47 Optimize EV coolingGeometry matters when the gas becomes (close to) hydrodynamic, e.g. trap frequency < collision rate:Example for inefficient geometry:Magnetic trap with gravitational sag
48 Which trap to use? Magnetic trap: Easy evaporation, Well defined potentialConstant trap frequencyOptical trapMore freedom with trap potentialsCan trap atoms in absolute (magnetic) ground stateHave to take care of photon scattering (use far off-resonant traps!)
49 Absorption imaging resonant cross section of the atoms ~l2 (depends on Clebsch-Gordan coefficients)Considerable absorption already at very low density:Image shadow on CCD!Important advantage: “See” ALL scattered photons
50 Absorption imaging This is the quantity we measure In the same way, measure momentum distribution:Time of flight (TOF): measure spatial distribution after a certain time of flight
51 Challenges when cooling Fermions Identical ultracold particles do not collide (s-waves).“Pauli blocking” makes cooling of a degenerate Fermi gas very inefficient.Also: Very low temperatures required to observe superfluidity:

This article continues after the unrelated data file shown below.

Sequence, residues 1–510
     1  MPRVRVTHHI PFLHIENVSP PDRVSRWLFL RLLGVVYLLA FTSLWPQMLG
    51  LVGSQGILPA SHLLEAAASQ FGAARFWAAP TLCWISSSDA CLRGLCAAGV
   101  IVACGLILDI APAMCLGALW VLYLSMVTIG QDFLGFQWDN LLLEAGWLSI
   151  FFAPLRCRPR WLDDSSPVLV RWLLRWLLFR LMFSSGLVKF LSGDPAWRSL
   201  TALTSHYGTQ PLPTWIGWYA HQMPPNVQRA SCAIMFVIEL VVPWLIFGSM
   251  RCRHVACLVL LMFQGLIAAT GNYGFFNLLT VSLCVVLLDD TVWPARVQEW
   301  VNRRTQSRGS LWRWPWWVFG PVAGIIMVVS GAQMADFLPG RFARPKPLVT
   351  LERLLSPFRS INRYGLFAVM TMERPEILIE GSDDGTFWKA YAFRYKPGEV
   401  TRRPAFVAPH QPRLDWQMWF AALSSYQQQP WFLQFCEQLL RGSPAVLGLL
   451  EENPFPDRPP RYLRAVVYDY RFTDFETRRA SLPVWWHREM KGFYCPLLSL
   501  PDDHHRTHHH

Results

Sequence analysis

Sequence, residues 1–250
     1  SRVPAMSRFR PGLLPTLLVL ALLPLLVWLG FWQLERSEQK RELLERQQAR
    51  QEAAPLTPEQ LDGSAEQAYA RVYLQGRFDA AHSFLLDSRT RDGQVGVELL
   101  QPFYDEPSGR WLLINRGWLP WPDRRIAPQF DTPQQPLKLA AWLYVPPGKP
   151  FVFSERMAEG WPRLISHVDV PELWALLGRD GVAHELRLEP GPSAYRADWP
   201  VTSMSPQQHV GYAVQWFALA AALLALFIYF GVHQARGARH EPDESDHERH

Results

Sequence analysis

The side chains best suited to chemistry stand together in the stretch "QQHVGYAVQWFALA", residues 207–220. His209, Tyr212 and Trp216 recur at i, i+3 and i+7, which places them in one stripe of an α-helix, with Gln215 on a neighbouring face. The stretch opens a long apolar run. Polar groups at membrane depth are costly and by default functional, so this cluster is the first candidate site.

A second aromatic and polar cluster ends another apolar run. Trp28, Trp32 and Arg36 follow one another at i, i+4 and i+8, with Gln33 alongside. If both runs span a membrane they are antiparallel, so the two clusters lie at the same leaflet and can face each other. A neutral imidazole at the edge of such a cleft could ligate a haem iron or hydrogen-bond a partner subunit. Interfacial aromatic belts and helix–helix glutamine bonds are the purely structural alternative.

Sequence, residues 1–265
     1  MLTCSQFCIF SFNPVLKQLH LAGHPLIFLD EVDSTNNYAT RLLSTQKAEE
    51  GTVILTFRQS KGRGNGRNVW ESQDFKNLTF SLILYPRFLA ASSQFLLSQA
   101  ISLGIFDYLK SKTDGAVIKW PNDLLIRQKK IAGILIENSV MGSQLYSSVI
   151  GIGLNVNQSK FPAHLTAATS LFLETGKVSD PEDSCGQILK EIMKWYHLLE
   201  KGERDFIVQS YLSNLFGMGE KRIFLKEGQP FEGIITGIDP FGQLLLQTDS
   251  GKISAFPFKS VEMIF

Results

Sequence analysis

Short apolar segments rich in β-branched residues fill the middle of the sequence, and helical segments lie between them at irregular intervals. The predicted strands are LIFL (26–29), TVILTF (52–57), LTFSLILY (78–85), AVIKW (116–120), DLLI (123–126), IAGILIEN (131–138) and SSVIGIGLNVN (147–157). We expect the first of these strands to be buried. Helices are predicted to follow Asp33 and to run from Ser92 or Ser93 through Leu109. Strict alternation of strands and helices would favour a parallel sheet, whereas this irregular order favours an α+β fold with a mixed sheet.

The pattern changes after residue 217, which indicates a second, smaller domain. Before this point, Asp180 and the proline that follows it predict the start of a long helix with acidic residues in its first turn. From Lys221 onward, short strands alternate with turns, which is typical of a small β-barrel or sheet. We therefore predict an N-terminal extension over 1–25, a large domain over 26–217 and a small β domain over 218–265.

52 Idea: Use Bosons to cool Fermions Bosons can be cooled with “established” technologyNot the first degenerate Fermi gas, but a very instructive one:6Li cooled by bosonic 7Li (Rice U., ENS Paris):Difference of just one neutron makes all the difference!
53 6Li+7Li cooled togetherTwo MOTs for the two isotopes (10GHz isotope shift)Magnetic trap traps both isotopes …
54 Challenges to achieve very low T Bosons condense to BEC -> heat capacity drops to zero, no more cooling effectInteractions between Fermions are necessary to observe interesting physics -> spin mixture is neededTo study pairing effects, wish to tune pairing energy!All of this: Tomorrow by Henning Moritz
55 Literature Metcalf and van der Straaten: “Laser cooling and trapping” Ketterle, Durfee and Stamper-Kurn “Making, probing and understanding Bose-Einstein condensates”